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Proposed Telescope Focuses Light Without Mirror Or Lens

Soulskill posted more than 6 years ago | from the i-can-see-clearly-now dept.

Space 165

A team of scientists from Observatoire Midi Pyrénées in Toulouse, France have been working with an unusual technique for focusing light. It takes advantage of diffraction - the bending of waves when they encounter an obstacle in their path - to focus light as it passes through a foil sheet with precise holes in it. The scientists suggest that an orbital 30-meter imager could resolve planets the size of Earth within 30 light-years. In addition, the foil is much lighter than traditional materials, and thus easier to transport. "A Fresnel imager with a sheet of a given size has vision just as sharp as a traditional telescope with a mirror of the same size, though it collects just 10% or so of the light. It can also observe in the ultraviolet and infrared, in addition to visible light. The imager can take very detailed images with high contrast, which is great for 'being able to see a very faint object in the close vicinity of a bright one.'"

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Will they build it. (2, Insightful)

FiestaFan (1258734) | more than 6 years ago | (#23271630)

Great, but will it get build before I'm dead?

Re:Will they build it. (1)

calebt3 (1098475) | more than 6 years ago | (#23271678)

Yes, in the same sense that we will have practical fusion power in 10-20 years for the $BIGNUMBERth year in a row or that Duke Nukem is almost done.

Re:Will they build it. (1)

Gerzel (240421) | more than 6 years ago | (#23272024)

No.

Fusion power relies on theoretical advances and isn't really all that well known.

Refraction of light has been around since before Newton and is very well known. The only major obstacle being the materials used in building one.

Re:Will they build it. (1)

BrentH (1154987) | more than 6 years ago | (#23272082)

Fusion power relies on theories very well known, hence A-bomb since the forties/fifties. The only problem in building a fusionplant is succesfully containing all this energy and heat, which is entirely an engineering problem, and a very difficult one at that.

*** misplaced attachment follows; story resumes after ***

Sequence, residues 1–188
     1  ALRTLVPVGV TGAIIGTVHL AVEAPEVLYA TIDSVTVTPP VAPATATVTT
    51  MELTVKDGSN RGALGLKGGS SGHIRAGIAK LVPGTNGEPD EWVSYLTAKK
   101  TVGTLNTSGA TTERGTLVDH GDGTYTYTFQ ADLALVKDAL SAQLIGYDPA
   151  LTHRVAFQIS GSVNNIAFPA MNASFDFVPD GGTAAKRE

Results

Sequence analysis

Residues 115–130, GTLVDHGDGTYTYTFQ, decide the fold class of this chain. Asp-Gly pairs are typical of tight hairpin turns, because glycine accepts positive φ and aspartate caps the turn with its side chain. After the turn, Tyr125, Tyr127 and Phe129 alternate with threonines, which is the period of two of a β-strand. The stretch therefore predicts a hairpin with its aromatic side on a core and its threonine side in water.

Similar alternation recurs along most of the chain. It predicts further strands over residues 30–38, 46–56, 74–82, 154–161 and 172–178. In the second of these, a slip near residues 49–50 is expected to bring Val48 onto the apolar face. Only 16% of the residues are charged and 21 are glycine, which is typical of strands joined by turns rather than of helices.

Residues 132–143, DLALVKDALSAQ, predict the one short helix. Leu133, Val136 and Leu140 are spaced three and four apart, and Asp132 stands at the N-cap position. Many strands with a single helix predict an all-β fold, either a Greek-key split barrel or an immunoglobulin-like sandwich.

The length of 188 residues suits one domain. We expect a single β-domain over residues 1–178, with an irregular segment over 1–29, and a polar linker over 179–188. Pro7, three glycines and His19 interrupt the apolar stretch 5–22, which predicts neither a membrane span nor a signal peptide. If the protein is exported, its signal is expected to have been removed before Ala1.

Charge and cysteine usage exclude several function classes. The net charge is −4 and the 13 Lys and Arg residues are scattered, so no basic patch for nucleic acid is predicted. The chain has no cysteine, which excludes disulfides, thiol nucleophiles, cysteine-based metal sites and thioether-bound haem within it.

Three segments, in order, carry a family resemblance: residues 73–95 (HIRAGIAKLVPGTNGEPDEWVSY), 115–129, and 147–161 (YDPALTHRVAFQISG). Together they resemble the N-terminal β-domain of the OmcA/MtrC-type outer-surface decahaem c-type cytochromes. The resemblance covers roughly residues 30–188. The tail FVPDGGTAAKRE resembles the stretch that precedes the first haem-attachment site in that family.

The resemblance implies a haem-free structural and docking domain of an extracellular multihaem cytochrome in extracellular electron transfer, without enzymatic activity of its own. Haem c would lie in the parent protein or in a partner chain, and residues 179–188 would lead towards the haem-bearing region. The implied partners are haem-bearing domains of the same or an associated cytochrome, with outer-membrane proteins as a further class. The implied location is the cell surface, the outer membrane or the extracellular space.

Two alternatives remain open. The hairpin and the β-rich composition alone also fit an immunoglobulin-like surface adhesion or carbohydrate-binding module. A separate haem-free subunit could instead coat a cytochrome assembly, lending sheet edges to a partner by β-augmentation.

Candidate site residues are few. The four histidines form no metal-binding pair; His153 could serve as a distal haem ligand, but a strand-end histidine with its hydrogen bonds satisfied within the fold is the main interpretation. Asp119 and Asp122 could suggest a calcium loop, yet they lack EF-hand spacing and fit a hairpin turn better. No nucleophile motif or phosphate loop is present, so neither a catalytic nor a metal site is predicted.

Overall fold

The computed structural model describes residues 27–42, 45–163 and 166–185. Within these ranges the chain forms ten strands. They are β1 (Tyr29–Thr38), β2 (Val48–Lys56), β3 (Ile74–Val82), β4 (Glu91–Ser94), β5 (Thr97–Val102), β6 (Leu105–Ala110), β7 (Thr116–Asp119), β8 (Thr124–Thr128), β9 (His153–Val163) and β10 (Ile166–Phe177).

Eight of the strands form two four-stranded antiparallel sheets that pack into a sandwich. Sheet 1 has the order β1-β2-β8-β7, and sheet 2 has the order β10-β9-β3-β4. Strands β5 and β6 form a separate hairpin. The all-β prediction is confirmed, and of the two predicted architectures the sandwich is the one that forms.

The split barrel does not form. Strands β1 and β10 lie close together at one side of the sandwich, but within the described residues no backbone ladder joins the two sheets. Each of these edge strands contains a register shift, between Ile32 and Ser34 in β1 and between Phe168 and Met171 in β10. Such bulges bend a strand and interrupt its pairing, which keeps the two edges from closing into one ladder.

Re:Will they build it. (1)

Dak RIT (556128) | more than 6 years ago | (#23272350)

Fission is not Fusion.

Re:Will they build it. (1)

fractoid (1076465) | more than 6 years ago | (#23272424)

Neither is the H-bomb.

Re:Will they build it. (1)

Alioth (221270) | more than 6 years ago | (#23272758)

Modern thermonuclear weapons are fusion, not fission bombs. (They do have a fission 'detonator' though).

Re:Will they build it. (2, Interesting)

TapeCutter (624760) | more than 6 years ago | (#23272206)

"The only major obstacle being the materials used in building one."

I was under the impression that the main impediment to large refractors is the "halo" effect (coloured rings around the edge of the image), this was the problem Newton solved with the reflector and it is why Newtonian telescopes are the norm. The halo is unoticable with a small high-quality refractor (eg: binoculars) but the effect rapidly deteriorates the usefullness of refractors as the size increases.

No mention of wether this design suffers from the halo effect but radically new scope designs are rare and I like their thinking!

Of course with such a long focal length a large scope of this design would have to be space based but I don't see any insurmountable problems lanching and deploying such a beast in two parts, except of course the usual cost/benifit arguments. As for the objections elsewhere in this thread that a two part scope would drift out of sync, precisely syncronised space flight been already been done with a pair of gravity probes. Besides we also have something called adaptive optics.

Re:Will they build it. (2, Insightful)

ArAgost (853804) | more than 6 years ago | (#23272410)

Chromatic aberration is usually (in everyday optics) caused by refraction. Of course, since IIRC different wavelenghts diffract differently, there will be some problem of this kind, but still it's a neat idea.

Re:Will they build it. (2, Interesting)

Malekin (1079147) | more than 6 years ago | (#23272546)

Any aperture will cause diffraction. Reflector or refractor. The halos aren't visible in binoculars because they have magnification ratios too small.